The following are a few ways unhealthy anger can manifest itself:
- Passive aggression
- Verbal or physical abuse
5 Signs You Have an Anger Problem
If you’re worried about whether your anger levels are unhealthy or not, keep reading. You’ll find five of the most common signs of having an anger management issue.
You Get into Arguments
We’re not talking about casual arguments you have with your partner or co-worker. We’re talking frequent, overblown rows with everyone you encounter, even strangers.
Not only that, but you feel that you have to win every single argument. Not being able to back down from an argument has nothing to do with what you’re arguing about. But it has everything to do with being more domineering and in control.
If these arguments seem to come out of nowhere and quickly spin out of control, that’s a sign your anger has turned into a problem.
You’re Passive Aggressive
People often don’t relate passive aggressiveness with anger. It’s neither loud nor violent.
Yet, it’s one of the most telling signs of anger management issues. The problem is that you may not even realize you’re being passive-aggressive. Not only that, but you may not even realize you’re angry.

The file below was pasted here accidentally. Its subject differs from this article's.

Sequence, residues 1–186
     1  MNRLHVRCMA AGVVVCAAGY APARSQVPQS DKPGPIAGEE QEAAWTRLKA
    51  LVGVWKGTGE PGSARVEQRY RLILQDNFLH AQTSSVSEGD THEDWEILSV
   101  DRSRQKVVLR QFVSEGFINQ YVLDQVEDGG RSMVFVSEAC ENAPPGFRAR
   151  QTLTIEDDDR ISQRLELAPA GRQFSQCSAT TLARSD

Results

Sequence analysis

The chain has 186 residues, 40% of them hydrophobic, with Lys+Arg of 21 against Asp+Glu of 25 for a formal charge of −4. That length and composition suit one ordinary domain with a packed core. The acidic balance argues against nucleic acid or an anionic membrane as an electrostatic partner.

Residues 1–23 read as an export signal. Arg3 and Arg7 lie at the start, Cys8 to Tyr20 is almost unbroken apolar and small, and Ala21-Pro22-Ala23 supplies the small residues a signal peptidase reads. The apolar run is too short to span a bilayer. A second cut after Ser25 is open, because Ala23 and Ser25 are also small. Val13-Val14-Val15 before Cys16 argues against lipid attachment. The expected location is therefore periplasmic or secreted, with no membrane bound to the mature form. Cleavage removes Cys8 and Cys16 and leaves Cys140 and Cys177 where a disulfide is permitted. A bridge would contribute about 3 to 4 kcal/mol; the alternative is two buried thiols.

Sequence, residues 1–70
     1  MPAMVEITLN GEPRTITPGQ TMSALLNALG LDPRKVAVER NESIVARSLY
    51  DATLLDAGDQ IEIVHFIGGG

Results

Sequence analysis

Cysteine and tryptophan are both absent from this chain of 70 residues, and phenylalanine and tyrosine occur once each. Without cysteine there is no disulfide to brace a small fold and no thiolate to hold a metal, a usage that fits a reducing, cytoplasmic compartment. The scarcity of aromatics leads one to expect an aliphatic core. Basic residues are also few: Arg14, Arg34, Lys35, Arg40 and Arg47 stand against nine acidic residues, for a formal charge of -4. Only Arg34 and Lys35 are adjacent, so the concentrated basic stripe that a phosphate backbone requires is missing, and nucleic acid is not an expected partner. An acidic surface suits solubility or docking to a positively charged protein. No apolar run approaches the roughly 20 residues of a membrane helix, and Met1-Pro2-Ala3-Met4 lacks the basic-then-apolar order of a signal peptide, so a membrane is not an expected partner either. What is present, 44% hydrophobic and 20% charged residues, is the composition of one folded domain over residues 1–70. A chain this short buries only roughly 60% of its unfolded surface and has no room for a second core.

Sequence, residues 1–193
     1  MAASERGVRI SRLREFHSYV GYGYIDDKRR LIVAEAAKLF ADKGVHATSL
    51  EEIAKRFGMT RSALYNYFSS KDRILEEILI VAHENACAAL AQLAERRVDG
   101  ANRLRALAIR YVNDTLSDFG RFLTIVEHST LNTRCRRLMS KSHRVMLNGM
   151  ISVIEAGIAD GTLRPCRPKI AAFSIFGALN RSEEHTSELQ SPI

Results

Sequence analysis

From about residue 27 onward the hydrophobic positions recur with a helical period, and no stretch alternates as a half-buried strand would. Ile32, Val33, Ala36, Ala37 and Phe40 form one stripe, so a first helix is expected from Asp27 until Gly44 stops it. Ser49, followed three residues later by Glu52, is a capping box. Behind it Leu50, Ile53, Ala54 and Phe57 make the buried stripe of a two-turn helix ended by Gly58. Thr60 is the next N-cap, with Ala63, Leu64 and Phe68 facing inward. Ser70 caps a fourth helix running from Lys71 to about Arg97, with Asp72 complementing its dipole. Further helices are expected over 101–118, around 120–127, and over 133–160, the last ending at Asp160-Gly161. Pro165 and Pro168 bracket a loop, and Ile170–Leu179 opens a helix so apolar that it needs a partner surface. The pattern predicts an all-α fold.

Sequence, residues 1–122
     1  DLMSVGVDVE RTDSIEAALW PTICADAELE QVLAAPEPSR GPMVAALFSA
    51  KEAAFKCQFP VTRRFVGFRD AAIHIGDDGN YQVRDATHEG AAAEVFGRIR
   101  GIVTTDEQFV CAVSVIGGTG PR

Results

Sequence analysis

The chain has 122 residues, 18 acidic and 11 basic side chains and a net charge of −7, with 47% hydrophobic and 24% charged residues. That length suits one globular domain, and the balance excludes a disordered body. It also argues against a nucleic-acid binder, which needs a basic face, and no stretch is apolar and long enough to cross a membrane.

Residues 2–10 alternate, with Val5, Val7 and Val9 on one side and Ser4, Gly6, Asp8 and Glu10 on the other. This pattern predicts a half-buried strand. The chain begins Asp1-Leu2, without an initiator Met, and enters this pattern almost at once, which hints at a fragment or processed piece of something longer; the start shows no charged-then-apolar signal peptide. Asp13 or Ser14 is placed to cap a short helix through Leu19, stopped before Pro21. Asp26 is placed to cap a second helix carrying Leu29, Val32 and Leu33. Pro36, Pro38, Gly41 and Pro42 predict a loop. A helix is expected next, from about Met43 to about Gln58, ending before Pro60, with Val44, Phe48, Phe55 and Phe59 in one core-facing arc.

One reason is that when you’re passive-aggressive, your emotions give the impression that you’re in control. For example, you avoid conflict, you’re often sarcastic, or indifferent.
You Blame Others
Blaming other people for your problems is easier than having to deal with them yourself. While you may do this unknowingly, it’s usually a sign you’re not dealing with your own, that’s also a sign of trouble.
Another sign of an anger problem is that you hold on to resentment. You stay bitter and can’t seem to forgive even over the small stuff.
Your Anger Causes Others to Fear You
If you usually react when you’re angry, this can make people start to avoid you whenever they get the chance. They become fearful of you and your over-the-top reactions when you’re mad.
You may notice that when people talk to you, they never come too close. They may also stand with their arms crossed over their chest or they have one foot turned to face the door.
This is their way of expressing their fear and anxiety when they’re around you.
You Worry About Your Reactions
This is both good and bad news. The bad news is that once you’ve reached this stage, it’s more than likely that you have an anger problem.
The good news is you’re starting to acknowledge that you have a problem and you’re worried about your behavior. This is the first step to working through your anger issues and gaining control over your emotions.
A Final Note